Snorkeling at Banco Chinchorro
Banco Chinchorro is renowned for great snorkeling on the wonderful reefs with plenty of fish, reef sharks and other marine life easily reached by snorkel. Some of the wrecks are very shallow and great to explore snorkeling Check out the wreck site of a wooden ship called 40 Cannons for some of the best snorkeling in the area.
Crocodiles at Banco Chinchorro
Snorkeling with the American Crocodile (Crocodylus Acutus) is an exciting, unique activity you can do at Banco Chinchorro. These animals can grow very large, up to 6m long and weigh 900kg.
To interact with the crocodiles, the XTC dive center in Xcalak combines diving the Banco Chinchorro with an American Crocodile encounter. You will stay on the atol for 3 days and two nights, dive some of the wrecks and reefs around the atol and spend 3 to 4 hours per day in shallow water (1 – 1.5 m/3-5 ft.) around a fisherman’s hut skin diving with the crocs.
Croc expeditions run from June 1st through to September 30th (weather dependent).
The American Crocodile mainly inhabits salt and brackish water such as rivers, lagoons and swamps, it has a high tolerance to salinity, similar to the saltwater crocodile. This crocodile species is not seen as very aggressive for a crocodile species and does not often attack humans. We are not part of their diet, but American crocodiles have reportedly been responsible for 36 attacks on humans from 1995 to 2017 in the Cancun area of Mexico.
Planning a dive trip? Don’t Miss our Dive Travel Packing List
Snorkeling from Xcalak
Xcalak offers some great snorkeling. Snorkeling from the jetty where dive boats launch in the village, it is quite shallow sandy bottom with small patches of reef, but we saw a couple of eagle rays, a barracuda, a turtle and some other fish. For the best snorkeling trips are offered by XTC dive center and you can go on either 2 or 5 hour excursions to the coral reefs, where you can see a large variety of fish, sometimes even the large tarpon. The boat stops at spots on the reef that are shallow enough for comfortable snorkeling in the clear, warm water. On snorkeling trips to Xcalak Reef Marine Reserve, Manatee reserve and the mangrove forest manatees are often seen. Following a snorkeling excursion the boat often stops for some bird watching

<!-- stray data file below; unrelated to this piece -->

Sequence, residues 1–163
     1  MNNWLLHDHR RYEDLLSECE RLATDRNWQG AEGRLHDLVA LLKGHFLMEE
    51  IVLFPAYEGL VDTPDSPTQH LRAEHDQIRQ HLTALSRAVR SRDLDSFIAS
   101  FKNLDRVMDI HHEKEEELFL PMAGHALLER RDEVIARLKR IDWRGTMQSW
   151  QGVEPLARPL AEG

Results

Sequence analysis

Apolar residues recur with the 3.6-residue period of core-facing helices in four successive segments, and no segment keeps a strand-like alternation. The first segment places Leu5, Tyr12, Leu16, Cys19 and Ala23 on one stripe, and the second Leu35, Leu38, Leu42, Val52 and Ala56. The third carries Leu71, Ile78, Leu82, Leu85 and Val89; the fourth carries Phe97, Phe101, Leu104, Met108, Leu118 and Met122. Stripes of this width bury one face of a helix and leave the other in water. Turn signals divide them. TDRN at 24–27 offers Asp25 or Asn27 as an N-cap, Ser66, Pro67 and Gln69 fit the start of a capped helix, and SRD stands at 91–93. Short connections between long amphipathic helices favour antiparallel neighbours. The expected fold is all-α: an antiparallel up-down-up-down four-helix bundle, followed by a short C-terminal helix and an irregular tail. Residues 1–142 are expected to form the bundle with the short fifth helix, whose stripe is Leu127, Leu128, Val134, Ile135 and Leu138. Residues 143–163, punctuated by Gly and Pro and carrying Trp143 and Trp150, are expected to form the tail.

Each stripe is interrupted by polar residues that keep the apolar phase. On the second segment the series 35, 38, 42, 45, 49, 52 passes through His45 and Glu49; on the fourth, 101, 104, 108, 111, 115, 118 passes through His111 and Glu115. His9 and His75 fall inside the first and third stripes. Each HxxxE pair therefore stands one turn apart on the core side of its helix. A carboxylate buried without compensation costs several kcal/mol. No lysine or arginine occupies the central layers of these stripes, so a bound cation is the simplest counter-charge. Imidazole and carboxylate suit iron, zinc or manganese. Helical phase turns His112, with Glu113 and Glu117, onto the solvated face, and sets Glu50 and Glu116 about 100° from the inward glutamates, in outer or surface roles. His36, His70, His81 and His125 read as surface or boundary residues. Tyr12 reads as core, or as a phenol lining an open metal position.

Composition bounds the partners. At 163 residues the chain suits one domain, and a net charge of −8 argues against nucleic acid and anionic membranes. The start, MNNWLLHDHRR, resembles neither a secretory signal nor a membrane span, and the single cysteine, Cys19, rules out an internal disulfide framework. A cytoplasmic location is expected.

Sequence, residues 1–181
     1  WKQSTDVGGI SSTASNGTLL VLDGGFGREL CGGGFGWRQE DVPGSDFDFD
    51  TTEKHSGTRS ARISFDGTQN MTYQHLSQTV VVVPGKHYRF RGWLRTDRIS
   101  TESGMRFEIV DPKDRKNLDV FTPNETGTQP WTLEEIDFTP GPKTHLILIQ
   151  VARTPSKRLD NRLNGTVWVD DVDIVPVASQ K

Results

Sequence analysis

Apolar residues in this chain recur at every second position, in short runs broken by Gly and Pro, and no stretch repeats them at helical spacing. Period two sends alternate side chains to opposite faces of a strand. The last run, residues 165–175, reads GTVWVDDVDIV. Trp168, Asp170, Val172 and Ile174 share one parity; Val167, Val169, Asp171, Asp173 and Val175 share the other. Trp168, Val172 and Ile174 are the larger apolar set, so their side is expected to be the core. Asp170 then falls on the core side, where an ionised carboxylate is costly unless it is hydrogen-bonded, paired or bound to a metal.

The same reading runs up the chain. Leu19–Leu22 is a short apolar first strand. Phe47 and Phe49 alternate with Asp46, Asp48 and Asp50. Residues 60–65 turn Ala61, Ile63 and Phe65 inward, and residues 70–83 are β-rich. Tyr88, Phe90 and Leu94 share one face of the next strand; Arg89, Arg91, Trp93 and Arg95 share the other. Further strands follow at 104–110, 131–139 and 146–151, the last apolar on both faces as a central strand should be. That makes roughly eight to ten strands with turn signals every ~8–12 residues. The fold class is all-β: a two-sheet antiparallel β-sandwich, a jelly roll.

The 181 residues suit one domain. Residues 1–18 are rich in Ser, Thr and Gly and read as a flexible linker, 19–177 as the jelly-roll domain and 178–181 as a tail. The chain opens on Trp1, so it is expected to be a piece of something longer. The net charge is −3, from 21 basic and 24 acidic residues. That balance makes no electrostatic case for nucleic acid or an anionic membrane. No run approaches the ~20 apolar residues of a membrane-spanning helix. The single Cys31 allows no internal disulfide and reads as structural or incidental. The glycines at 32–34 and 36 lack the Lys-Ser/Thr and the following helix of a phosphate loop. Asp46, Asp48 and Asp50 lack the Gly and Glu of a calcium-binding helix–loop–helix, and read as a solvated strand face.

Mexico is one of the best places in the world to swim with Whale Sharks, the peak season in the Yucatan for this awesome adventure is July and August. We did some fantastic snorkeling with whale sharks in the Philippines, see our guide to different whale sharks swimming spots in the Philippines and our take on the controversial feeding of whale sharks of Oslob in Cebu.
More Things to do in Xcalak
Fly Fishing – This iconic fly fishing spot hosts large residential schools of bonefish, permit, tarpon, jacks, cudas and more.
Fishing trips – Chetumal Bay, only a 15 minute boat ride from Xcalak, offers some of the best permit fishing in the Carribean.
Bird watching – Xcalak is a hidden gem for Carribean bird watching with pelicans, egrets, frigate birds, grackles, interesting local birds like the Ocellated Turkey and more often being seen here.
Bird Island excursions – go on an excursion in the Bay of Chetumal driving through the canals by boat, stop to do some snorkeling. Great bird watching and maybe run into the resident manatees living in the mangroves.
Kayaking or Stand Up Paddleboard (SUP) – rent a kayak and explore the bay or go on a guided kayak or SUP trip in the mangroves and the lagoon see birds, fish and maybe even crocs or manatees!
Cycle – Rent a bicycle and explore the little Carribean town.
Getting to Xcalak